The same is becoming true from a temp-worker standpoint in the US thanks to healthcare reform. “From what we are hearing from businesses,” Dixon recalled, “Obamacare will result in hours being reduced for a number of workers as a way to avoid increased healthcare costs.” The result? “These same companies will need more people to fill the vacancies they just created.”
And speaking of Obamacare, now people like me can feel okay eschewing corporate careers and their “benefits.” There’s a scene in the movie Our Idiot Brother in which Adam Scott’s aspiring sci-fi novelist character gets patronized by his over-achieving crush for not having health insurance. I never understood that until I didn’t have a real job, or health insurance. In a line of work like mine, there’s a kind of status that’s missed by not having middle-class benefits, not to mention the security of knowing if you get your lung punctured by a rusty railroad stake, you can afford to get that looked at.
When my mom dropped me from her insurance, I was left in that limbo (I’m still there), like millions of others. It’s tempting to quit the work I love just because it doesn’t afford me health insurance or the kind of money necessary to buy it myself. But choosing a line of work based solely on the availability of health insurance is potentially going away for some of us. I’ll personally most likely qualify for Medicaid, which means I won’t have to worry about things like lying to myself about that weird growth I’ve been calling a mole anymore — or, worse, getting a real job just for that reason.
For people of my generation, this only further propels us away from the traditional work world of our parents. “I wish you would find a steady job with benefits and a regular paycheck,” many of us have probably heard at some point (possibly our own words). Now “steady” becomes a subjective term dependent on our ability to line up gigs. Now benefits can be bought or enrolled in without an employer’s say. Now paychecks are as regular as we want if we’re willing to put in the work every day.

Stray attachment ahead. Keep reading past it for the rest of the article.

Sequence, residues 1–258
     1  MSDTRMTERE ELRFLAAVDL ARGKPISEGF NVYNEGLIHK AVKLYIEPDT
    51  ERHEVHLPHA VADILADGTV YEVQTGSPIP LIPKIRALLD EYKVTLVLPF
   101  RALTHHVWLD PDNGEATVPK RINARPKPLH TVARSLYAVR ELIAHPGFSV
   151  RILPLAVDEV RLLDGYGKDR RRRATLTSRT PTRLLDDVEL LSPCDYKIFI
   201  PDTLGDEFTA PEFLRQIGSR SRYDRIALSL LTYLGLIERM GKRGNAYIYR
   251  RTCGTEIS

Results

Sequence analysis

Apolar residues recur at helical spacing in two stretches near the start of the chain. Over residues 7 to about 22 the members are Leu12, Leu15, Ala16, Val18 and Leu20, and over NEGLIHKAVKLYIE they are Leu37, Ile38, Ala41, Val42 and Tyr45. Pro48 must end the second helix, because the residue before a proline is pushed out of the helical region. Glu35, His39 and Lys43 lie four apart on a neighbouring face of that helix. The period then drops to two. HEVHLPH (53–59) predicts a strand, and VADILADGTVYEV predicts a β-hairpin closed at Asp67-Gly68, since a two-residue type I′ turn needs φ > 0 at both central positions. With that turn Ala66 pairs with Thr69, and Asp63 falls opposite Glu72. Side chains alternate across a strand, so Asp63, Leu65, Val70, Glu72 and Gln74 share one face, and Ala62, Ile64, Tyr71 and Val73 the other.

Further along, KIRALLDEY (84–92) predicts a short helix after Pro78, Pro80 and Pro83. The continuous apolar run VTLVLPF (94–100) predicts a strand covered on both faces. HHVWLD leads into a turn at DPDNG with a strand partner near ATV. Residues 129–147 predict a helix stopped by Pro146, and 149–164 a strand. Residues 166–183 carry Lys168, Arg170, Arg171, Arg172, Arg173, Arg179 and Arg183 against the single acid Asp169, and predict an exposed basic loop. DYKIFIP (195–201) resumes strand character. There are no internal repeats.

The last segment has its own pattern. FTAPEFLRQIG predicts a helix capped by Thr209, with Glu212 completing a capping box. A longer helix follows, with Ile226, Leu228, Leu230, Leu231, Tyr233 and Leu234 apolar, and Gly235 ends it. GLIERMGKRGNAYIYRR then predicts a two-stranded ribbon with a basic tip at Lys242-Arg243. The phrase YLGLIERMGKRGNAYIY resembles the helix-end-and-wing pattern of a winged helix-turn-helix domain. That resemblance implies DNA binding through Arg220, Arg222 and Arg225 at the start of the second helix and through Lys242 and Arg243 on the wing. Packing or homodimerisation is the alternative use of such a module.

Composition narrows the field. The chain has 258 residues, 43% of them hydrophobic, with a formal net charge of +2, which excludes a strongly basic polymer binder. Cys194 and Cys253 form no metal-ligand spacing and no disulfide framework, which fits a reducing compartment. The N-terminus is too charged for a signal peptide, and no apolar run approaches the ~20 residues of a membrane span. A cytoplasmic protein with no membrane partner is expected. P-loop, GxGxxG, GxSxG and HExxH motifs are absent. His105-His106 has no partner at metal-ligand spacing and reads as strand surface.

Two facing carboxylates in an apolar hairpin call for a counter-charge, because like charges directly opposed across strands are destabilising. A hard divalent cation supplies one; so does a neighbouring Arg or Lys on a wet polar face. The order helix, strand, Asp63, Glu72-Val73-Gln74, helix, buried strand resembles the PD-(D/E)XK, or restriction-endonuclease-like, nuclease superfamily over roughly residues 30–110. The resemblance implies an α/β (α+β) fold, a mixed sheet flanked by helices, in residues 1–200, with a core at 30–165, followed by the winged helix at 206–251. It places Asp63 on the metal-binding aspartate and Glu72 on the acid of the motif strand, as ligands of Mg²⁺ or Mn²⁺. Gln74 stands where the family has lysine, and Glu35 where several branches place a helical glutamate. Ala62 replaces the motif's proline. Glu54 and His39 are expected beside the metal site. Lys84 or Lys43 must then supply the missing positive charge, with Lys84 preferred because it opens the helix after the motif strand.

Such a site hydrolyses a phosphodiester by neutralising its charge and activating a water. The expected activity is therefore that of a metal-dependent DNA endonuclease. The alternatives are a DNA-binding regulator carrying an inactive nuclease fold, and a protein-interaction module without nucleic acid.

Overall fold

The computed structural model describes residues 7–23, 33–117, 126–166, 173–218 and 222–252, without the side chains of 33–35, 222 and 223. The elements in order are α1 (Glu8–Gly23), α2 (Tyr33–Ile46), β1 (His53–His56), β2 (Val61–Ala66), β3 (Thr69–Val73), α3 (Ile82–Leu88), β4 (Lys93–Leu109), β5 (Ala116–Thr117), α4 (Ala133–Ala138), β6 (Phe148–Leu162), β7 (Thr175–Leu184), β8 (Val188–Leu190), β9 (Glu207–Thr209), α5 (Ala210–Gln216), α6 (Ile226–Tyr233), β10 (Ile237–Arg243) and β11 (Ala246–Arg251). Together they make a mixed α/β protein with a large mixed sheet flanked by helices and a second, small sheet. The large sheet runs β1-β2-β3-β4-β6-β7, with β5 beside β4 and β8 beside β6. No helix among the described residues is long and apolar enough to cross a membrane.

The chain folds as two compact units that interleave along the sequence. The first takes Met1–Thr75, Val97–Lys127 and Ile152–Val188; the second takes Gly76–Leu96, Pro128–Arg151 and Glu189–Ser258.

I think all this has changed everything forever; I know I’d feel like a failure to myself if I gave up on sustaining myself through my own efforts for a 9-5 that pays better for more mindless work. And I think it’ll be hard for the rest of us to go back now.
We’re the generation of neo-hippies and trendy DIY-ing, the generation of really abstract Levis commercials that talk about our generation, the generation of getting a Harvard degree and then making a website for people to post pictures of their lunch on, the generation that won’t work in an office without a beer fridge and ping-pong table in it. We might regret not having retirement when we’re 70, but we’re also the generation that plans to die before it gets that far.
And if we regret it, we’ll just continue the cycle as our kids defy everything we believed in.